Arlene at age 2, Kingston, Jamaica

When I was three years old, I went to live with my paternal grandparents along with my brother. This was a big change for us both.

My grandparents enrolled us in a private in-home kindergarten called Auntie’s School. Each morning my Grandmother would walk the half mile to this lady’s home holding my hand the entire way. And every morning I wept at the door and clung to her to no avail. After she left, I would cry all day into the handkerchief that was pinned to my blouse. A fresh one was pinned each morning for the new round of tears. All my memories of Auntie’s School literally consist of me crying. The only exception is my memory of when my brother got in trouble for splitting open his no.2 pencil and writing with the bare lead.

The following year we were deemed ready to go to proper kindergarten at the big primary school attached to the Teacher’s college a couple miles away. Come September, first day of school, all the children had to line up outside the classrooms. What I remember most was the wailing of children attending school for the first time. Crestfallen faces in crisp new navy-blue pinafores and white blouses, khaki uniforms and shiny black shoes. I stood patiently in line and observed them. I was silent and dry-eyed, but I had a deep sense of empathy. I had been there. I knew what this change represented. I could relate.

Sometimes when we observe others going through change, wrestling with learning a new language, adapting to new customs or navigating new ways of working, it is easy to be unsympathetic and want them to ‘get on with things.’ We can misinterpret their adjustment period as them ‘complaining’ or ‘whining’ but they are simply coming to grips with the scale of change they have just undertaken in their lives.

In the corporate environment, we might politely shove some training videos at them with a few slides on intercultural communication and expect them to move along and settle in seamlessly. But moving countries can be particularly challenging; uprooting isn’t easy, even when it is desired.

In my experience, both professionally and personally, it is most valuable to connect with someone else who has also undergone this type of change. In the corporate setting, this is not career coaching or leadership development, this is a ‘buddy’ or ‘mentor’ who firstly can listen and then empathize. They will be able to relate and can offer advice to help a newbie adjust to life in their new environment. They are often most helpful in suggesting service providers like where to find a great barber. It’s the little things that make a difference, especially since the website or the brochure from the relocation consultants is inevitably never enough.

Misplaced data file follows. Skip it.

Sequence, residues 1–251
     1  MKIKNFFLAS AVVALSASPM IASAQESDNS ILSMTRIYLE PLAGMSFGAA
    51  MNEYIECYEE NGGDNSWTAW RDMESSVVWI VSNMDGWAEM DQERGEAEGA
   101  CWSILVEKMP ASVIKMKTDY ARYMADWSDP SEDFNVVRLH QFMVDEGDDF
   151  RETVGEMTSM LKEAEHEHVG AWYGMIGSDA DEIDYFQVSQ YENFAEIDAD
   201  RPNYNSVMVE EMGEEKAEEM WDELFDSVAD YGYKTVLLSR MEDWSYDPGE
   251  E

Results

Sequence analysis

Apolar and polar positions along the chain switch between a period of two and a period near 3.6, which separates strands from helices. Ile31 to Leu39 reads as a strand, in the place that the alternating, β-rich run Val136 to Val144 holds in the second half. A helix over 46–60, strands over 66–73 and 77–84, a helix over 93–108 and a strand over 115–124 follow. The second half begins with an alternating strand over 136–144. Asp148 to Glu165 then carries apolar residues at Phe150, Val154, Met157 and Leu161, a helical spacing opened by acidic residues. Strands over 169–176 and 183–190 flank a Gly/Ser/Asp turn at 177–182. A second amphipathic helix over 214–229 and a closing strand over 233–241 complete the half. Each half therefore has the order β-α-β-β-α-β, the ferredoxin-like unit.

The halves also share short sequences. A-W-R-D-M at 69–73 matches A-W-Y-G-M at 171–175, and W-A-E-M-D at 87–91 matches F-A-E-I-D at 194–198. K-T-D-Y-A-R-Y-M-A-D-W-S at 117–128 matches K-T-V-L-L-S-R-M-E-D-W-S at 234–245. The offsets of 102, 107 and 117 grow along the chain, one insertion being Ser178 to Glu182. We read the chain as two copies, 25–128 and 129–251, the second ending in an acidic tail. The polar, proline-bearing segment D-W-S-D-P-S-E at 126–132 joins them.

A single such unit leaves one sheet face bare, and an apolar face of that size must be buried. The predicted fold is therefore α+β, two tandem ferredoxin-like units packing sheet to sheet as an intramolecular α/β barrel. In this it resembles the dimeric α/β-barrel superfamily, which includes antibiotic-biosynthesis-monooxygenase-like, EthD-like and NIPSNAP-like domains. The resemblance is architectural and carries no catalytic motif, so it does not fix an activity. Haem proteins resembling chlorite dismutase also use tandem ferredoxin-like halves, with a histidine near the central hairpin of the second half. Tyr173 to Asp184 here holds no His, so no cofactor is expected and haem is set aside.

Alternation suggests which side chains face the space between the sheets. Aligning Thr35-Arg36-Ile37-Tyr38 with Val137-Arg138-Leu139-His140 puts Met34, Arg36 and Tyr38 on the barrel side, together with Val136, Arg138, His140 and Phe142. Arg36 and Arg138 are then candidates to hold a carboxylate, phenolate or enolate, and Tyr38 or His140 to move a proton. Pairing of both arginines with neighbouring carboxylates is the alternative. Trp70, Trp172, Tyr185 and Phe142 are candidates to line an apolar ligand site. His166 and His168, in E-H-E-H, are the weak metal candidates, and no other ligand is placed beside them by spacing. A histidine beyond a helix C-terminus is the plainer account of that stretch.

If you are contemplating making a move or just made one, here are a few tips that have worked for me in each new place:

  • Ask a lot of questions and ask for what you need. This is the time that people will be most willing to help you as you are new.
  • Explore, explore, explore. Kick your curiosity into high gear. Whether you are single or with a family embrace the freedom to learn something new.
  • Join a mix of groups and associations. I find that it is valuable to form friendships with locals and expats – even if they are from a different country as there is automatically a shared understanding, which is useful as you strive to assimilate.
  • Register at your consulate or embassy. Get on the mailing list for events and news that keep you connected to your home country. Remember, one day you may be returning.
  • Start reading the local papers – all of them and then pick a couple you like and read those regularly. It helps to be able to contribute knowledgeably to conversations and lifts you out of ‘tourist status’. Language might be a barrier but I was usually able to find a local news source in English when I lived in non-English speaking countries.

Before I forget – register with healthcare providers as soon as possible i.e. a doctor and dentist. My husband fell ill shortly after we arrived in the UK and the doctor at the local surgery refused to see him because he was not yet registered.

Finally, recognize that culture shock is inevitable. You will go through it. Just ride the wave and be kind to yourself. More importantly, remember that it passes.

Keep tuning in, I’ll continue to share my experiences and tips in each blog post. Subscribe and share your thoughts in the comments.

© Arlene Amitirigala 2020. All Rights Reserved.

One thought on “Adjusting is intentional; ask for what you need

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